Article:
By Neil Thomas Stacey

Recent research has discovered airborne micro-plastic particles in clouds, and it is theorized that these particles may influence cloud formation and precipitation by providing nucleation sites for condensation. With the rapidly rising levels of plastic pollution and micro-plastics in particular, this phenomenon may begin to affect rainfall patterns, resulting in aberrant weather and potentially affecting the accuracy of weather models. It is therefore imperative that we start to develop the means to systematically measure atmospheric levels of airborne micro-plastics in order to adapt our weather models to factor them into predictions, and to provide the data needed for those models. The most viable means of doing this would be the development of a real-time micro-plastic detectors that can be mounted on aeroplanes, which already carry weather instrumentation and play a key role in providing the data for forecasts. Real-time detectors for water-borne micro-plastics have recently been developed, and there is now an urgent need to begin work on equivalent technology for airborne particles.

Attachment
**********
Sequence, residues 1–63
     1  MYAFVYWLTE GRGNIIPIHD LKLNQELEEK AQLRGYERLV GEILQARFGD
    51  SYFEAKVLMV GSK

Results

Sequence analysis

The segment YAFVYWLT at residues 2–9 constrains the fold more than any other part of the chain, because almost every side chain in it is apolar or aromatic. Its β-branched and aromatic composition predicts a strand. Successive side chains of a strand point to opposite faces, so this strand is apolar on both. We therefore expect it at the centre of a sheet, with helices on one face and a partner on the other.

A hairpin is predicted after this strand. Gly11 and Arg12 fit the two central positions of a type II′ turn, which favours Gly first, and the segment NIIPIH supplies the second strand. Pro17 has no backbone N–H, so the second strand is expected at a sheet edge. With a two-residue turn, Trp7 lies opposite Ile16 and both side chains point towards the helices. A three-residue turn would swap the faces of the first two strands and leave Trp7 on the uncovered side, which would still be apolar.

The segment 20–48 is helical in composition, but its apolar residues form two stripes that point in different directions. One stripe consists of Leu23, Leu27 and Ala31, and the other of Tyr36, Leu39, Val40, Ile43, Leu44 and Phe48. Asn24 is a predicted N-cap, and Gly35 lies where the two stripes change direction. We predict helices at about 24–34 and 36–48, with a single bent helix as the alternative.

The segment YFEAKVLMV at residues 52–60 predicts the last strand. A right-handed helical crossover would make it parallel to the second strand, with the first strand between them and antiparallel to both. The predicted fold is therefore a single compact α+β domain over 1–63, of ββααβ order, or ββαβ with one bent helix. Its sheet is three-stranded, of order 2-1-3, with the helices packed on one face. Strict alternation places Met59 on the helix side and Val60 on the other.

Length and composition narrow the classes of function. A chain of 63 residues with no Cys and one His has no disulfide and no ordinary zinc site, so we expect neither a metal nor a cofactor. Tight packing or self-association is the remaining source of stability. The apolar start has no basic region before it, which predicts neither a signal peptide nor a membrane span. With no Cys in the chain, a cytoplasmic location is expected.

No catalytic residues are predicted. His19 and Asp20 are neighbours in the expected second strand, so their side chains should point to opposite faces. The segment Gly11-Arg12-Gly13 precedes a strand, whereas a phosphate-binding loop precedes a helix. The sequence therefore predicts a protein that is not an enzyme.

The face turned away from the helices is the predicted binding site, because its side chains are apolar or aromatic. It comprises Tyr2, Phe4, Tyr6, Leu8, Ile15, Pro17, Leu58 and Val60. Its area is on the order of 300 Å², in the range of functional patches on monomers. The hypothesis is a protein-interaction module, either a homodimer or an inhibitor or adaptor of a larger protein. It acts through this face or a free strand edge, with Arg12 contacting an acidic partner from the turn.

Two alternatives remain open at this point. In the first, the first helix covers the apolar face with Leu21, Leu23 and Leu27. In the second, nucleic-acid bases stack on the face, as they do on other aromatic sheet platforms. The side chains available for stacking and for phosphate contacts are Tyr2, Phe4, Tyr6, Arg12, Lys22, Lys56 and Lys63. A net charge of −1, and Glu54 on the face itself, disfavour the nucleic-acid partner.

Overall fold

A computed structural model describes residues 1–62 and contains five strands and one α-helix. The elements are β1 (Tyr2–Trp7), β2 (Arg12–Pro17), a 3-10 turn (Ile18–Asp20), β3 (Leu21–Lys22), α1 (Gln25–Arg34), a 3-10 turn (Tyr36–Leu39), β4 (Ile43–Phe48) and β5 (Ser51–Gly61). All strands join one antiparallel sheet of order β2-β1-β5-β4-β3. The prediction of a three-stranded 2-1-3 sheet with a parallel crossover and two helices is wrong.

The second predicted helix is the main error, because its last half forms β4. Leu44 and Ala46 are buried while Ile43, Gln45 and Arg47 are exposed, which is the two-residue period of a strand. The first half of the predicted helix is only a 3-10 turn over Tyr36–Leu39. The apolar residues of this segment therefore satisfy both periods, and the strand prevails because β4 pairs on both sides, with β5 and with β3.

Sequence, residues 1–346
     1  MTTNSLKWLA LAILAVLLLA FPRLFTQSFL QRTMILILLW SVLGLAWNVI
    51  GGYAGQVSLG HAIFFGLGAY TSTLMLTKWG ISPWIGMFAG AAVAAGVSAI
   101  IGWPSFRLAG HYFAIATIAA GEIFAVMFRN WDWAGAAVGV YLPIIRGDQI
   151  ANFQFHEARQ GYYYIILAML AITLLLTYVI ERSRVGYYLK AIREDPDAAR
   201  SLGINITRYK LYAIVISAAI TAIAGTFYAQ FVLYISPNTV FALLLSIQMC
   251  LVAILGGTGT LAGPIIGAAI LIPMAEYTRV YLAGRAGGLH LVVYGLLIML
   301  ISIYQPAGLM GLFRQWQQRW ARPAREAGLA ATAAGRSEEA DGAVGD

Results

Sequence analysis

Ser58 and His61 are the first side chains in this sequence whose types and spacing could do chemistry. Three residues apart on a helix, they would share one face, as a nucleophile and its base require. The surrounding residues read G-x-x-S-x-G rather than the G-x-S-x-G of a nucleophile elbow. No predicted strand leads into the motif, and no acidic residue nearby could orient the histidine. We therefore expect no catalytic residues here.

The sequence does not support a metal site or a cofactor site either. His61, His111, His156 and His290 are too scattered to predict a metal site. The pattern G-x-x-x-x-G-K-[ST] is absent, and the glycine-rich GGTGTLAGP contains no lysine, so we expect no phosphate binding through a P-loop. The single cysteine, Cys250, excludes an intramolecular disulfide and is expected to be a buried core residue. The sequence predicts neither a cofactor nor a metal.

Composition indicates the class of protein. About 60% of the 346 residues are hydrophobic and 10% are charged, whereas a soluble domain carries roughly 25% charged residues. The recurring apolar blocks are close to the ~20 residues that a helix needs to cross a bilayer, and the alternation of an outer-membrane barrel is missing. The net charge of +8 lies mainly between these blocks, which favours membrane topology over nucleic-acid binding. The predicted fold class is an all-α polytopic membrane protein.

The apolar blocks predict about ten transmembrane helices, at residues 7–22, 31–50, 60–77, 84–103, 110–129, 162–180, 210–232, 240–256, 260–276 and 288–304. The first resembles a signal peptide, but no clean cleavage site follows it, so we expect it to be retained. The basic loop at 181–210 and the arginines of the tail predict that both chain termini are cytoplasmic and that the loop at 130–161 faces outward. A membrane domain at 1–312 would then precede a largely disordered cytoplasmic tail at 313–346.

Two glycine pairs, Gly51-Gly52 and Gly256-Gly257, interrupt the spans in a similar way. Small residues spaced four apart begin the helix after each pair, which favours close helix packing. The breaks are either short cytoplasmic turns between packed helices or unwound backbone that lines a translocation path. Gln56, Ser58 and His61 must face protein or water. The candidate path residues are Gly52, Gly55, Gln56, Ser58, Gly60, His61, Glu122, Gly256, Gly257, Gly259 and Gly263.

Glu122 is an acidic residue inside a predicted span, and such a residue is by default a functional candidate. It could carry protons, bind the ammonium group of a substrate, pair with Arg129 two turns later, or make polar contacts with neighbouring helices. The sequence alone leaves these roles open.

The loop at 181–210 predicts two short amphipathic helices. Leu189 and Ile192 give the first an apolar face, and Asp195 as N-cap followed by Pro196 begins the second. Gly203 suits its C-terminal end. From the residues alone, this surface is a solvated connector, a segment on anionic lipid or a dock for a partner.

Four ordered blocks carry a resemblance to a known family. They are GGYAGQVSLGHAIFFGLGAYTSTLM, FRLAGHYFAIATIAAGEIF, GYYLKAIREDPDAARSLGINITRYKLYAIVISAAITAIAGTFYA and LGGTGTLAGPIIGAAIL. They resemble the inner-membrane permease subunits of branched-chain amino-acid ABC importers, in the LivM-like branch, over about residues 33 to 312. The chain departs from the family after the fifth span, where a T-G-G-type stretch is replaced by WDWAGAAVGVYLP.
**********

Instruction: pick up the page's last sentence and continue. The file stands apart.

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Neil Thomas Stacey



Published: 3 Oct, 2023

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